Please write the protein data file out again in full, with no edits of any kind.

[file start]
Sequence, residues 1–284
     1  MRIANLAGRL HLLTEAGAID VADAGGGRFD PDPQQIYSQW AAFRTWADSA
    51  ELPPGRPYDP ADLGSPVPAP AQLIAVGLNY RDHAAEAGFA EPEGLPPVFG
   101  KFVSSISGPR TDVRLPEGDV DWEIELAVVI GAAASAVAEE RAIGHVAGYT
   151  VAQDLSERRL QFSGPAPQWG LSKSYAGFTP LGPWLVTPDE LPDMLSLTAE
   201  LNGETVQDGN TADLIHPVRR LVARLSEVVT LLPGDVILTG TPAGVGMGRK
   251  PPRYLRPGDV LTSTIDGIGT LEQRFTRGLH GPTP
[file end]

Sequence, residues 1–284
     1  MRIANLAGRL HLLTEAGAID VADAGGGRFD PDPQQIYSQW AAFRTWADSA
    51  ELPPGRPYDP ADLGSPVPAP AQLIAVGLNY RDHAAEAGFA EPEGLPPVFG
   101  KFVSSISGPR TDVRLPEGDV DWEIELAVVI GAAASAVAEE RAIGHVAGYT
   151  VAQDLSERRL QFSGPAPQWG LSKSYAGFTP LGPWLVTPDE LPDMLSLTAE
   201  LNGETVQDGN TADLIHPVRR LVARLSEVVT LLPGDVILTG TPAGVGMGRK
   251  PPRYLRPGDV LTSTIDGIGT LEQRFTRGLH GPTP